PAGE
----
See you then! Lehitraot!!!


Please to leave a comment.
😄 😞 😳 😁 😒 😎 😠 😆 😅 😜 😉 😭 😇 😴 😮 😈 ❤️️ 👍

HebrewPod101.com Verified
Monday at 06:45 PM
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Hi KID Amity,

Thank you for commenting!

Unfortunately, I can't follow your question so much... Could you elaborate a little more on the part you found confusing? where exactly have you seen this in the lesson?

Thank you in advance 👍😄

Happy learning!



Team HebrewPod101.com

KID Amity
Saturday at 03:39 AM
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Ani looks diffreint why

HebrewPod101.com Verified
Friday at 09:37 PM
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Hi David Bedell,

Thanks for posting this great question.

The answer is that in Hebrew, we some treat letters as one, even if they have 2 different "states" (as in the case of "Bet" and "Vet", or "Peh" and "Feh") or two different forms (as in the case of the letters which have a "sofit" form (final

form) - "מ"/ "ם", "כ" / "ך" etc.).

An explenation to that lies in the fact Hebrew uses a "root" system for words, meaning that almost every word (verbs, nouns, adjectives etc.) are composed of 3 "root" letters, which a "fed" into certain "forms". It is possible that when "ב" is present in a root of a word, it will appear either as a "bet" or as a "vet" - depending on other letters in the word and on the form.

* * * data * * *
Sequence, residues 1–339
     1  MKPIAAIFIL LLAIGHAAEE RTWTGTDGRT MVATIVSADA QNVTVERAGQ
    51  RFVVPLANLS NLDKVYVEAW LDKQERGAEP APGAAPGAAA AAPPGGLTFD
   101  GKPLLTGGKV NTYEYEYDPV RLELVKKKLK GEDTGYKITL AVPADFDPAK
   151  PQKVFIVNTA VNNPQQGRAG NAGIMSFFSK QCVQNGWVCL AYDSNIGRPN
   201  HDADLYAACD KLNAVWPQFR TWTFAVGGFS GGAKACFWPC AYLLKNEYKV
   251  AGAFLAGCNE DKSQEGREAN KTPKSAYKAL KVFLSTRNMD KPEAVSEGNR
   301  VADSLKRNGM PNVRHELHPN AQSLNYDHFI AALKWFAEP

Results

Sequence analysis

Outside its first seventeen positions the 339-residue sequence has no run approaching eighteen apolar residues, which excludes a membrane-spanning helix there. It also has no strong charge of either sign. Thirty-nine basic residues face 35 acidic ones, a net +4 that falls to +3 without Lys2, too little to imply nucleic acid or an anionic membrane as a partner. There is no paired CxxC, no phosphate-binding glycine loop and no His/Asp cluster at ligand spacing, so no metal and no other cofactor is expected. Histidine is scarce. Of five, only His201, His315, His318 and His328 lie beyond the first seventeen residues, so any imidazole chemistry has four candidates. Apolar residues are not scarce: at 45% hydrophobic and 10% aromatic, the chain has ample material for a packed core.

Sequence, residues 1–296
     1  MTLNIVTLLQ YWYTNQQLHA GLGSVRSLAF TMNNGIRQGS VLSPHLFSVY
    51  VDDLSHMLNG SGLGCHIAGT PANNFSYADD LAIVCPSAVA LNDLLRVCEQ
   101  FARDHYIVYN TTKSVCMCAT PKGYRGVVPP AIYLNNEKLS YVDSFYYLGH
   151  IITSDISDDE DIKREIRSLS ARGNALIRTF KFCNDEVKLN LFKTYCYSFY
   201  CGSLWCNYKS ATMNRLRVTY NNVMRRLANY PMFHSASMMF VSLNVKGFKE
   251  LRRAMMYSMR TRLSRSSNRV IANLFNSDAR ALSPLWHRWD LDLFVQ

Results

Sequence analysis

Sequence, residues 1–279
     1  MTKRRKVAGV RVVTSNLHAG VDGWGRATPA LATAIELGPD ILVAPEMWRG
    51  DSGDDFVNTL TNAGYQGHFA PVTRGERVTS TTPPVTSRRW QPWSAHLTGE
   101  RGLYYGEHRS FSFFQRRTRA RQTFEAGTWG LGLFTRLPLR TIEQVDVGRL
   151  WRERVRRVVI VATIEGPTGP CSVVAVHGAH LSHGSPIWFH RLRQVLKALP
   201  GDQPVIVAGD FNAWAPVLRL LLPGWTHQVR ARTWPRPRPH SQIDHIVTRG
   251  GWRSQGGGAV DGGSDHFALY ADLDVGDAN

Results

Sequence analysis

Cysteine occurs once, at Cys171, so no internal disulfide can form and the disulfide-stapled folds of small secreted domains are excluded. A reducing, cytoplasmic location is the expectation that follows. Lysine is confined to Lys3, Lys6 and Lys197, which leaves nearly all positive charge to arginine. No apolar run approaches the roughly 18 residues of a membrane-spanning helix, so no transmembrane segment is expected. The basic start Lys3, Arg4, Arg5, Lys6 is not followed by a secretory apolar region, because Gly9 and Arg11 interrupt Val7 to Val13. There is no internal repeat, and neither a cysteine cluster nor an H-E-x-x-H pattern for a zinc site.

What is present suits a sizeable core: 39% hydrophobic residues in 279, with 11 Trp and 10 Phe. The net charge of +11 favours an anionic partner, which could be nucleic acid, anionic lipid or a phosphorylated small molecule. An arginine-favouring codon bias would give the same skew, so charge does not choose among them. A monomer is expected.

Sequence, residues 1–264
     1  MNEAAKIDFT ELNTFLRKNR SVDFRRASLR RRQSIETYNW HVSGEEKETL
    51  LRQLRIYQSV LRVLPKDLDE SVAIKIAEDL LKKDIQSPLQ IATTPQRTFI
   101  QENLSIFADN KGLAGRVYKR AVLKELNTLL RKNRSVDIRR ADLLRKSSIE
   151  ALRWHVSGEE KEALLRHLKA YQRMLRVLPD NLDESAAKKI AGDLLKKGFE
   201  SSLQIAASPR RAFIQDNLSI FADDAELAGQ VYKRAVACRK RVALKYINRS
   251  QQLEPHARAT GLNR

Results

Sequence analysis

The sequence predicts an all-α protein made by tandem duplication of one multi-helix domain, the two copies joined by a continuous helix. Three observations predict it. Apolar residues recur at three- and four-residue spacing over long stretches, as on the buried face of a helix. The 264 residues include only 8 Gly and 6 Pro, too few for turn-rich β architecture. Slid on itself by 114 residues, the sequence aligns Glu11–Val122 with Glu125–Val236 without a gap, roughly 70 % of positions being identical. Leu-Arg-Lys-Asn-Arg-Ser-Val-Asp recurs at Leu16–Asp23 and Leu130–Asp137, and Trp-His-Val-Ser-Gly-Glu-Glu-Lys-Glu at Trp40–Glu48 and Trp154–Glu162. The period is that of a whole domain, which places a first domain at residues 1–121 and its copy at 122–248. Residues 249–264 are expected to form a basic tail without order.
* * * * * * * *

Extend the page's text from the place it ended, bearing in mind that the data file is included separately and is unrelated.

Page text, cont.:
It is important to mention that this topic is a little advanced and will be discussed in more detail on the more advanced levels, it is okay if it's not yet very clear at the moment... 😅

I hope that helps :)



Team HebrewPod101.com

David Bedell
Tuesday at 05:01 PM
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Good Morning! I'm diligently studying my Hebrew lessons but have a question. I know from my studies that there are 22 characters in the Alef Beit, however, what about veit, haf, fey, tsadi (with the accent), and sin. I can see they are similar to other characters but they have their own names, spelling, characters, pronunciations, and applications. Why is it they aren't formally included in the alef beit? Also, does that small group of characters have it's own name such as the 13 vowel pronunciation marks are called niqquds? Is there a way to refer to them as a group? I'm a real beginning beginner so this probably won't be my last silly question. Thank you!! I'm really enjoying the studies and very much like Yana's presentations.